At the invitation of Philip of Macedonia he became the tutor of his 13 year old son Alexander (later world conqueror); he did this for the next five years.Upon the death of Philip, Alexander succeeded to the kingship and prepared for his subsequent conquests. Aristotle’s work being finished, he returned to Athens (circa 334 – 5), which he had not visited since the death of Plato. He found the Platonic school flourishing under Xenocrates, and Platonism the dominant philosophy of Athens. He thus set up his own school at a place called the Lyceum.
At his school Aristotle also accumulated a large number of manuscripts and created a library that was a model for later libraries in Alexandria and Pergamon. At the sudden death of Alexander in 323, Athens once again was full of anti-Macedonian sentiment. A charge of impiety was brought against Aristotle due to a poem he had written for Hermeias. One martyr for philosophy (Socrates) was enough for Aristotle and so he left his school to his colleague, Theophrastus, and fled to the Chalcis in Euboea. Here in 322 he died of a disease that is still the subject of speculation.
Since almost a third of Aristotle’s writings addresses biological themes, and since these writings may have occurred early in his career, it is very possible that the influence of the biological works upon Aristotle’s other writings is considerable. Aristotle’s biological works (so often neglected) should be given more attention, not only in the history of biology, but also as a way of understanding some of Aristotle’s non-biological writings.
Both Philip of Macedonia and his son Alexander the Great appear to have paid Aristotle high honor, and there were stories that Aristotle was supplied by the Macedonian court as a form of gratitude, not only with funds for teaching, but also with thousands of slaves to collect specimens for his studies in natural science (as well as a menagerie of exotic animals for Aristotle to study that Alexander encountered in his conquests). Whether these stories are true or false they certainly are exaggerated. It is unknown for how long the exotic animals were sustained in Aristotle’s menagerie or if they just served as a supply for his pathology studies. But as he made remarkable observations of animal behaviour it is expected that not all animal lives came to an end for dissection purpose.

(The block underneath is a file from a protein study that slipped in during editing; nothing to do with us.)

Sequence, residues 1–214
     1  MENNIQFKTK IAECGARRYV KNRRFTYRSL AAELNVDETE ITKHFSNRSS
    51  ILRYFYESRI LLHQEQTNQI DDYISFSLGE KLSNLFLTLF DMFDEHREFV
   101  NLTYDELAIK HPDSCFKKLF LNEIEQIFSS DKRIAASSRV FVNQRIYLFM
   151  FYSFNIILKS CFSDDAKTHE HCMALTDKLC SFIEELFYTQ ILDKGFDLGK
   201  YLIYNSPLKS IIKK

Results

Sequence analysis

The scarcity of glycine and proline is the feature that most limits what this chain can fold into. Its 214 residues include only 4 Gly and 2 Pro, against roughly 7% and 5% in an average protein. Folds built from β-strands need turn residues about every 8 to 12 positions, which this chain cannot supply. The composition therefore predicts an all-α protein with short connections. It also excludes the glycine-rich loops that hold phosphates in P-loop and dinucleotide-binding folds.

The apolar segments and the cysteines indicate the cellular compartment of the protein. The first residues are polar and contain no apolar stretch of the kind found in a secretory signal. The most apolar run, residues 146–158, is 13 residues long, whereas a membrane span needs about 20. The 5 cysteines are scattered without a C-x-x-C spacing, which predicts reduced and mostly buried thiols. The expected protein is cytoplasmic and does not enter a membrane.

He studied structural and functional adaptations to habitats, like bird territories, hibernation, behaviour of social animals (bees), and he described cycles of population explosions (vole outbreaks) and consecutive crashes.
Sennacherib, whose name (Sin-ahhe-criba) means ‘the god Sin has replaced the brothers’, came to the throne of Assyria in 704 BCE. Unlike his predecessors, the Sennacherib’s reign was not largely marked by military campaigns, but mainly by architectural renovations, constructions, and expansions. The new king shifted the capital from Dur-Sharrukin (modern Khorsabad) to the ancient city of Nineveh, which he rebuilt in unparalleled splendour. This great palace, which Sennacherib describes in his inscriptions as ‘without rival’, is known today as the South-West Palace. Many rooms were decorated with alabaster wall reliefs.
Sennacherib laid out several parks around his capital (Nineveh) and imported trees and other plants. He also re-created a southern Babylonian marsh environment when he had a swamp created and populated with animals and plants imported from the actual marsh habitat he admired.
During his military campaigns Sennacherib was mainly preoccupied with trying to resolve the political situation in Babylonia, a region that had only recently been retaken by his father Sargon II. From 703 – 689 BCE Sennacherib fought to control south Mesopotamia until finally, after a fifteen-month siege, the city of Babylon was captured and sacked. In 701 BC Sennacherib sacked the city of Lachish in Judah but failed to take the capital Jerusalem. In 681 BCE Sennacherib was assassinated by two of his sons while he prayed in a temple. He was succeeded by another son, Esarhaddon.
Sennacherib’s predecessors kept a variety of animals in parks. Herds of deer, gazelle and ibex for instance were transported from conquered territories to Assyria, and species like lions, apes, ostriches and falcons of which some species were never before seen in Assyria. Not only animals were imported, also foreign trees and fruiting plants. But, Sennacherib was the first to create dedicated areas for these exotic animals and plants as an ecosystem exhibit. He is also believed to be the creator of the famous hanging gardens of Babylon, which were actually at the palace garden of Sennacherib located at Nineveh.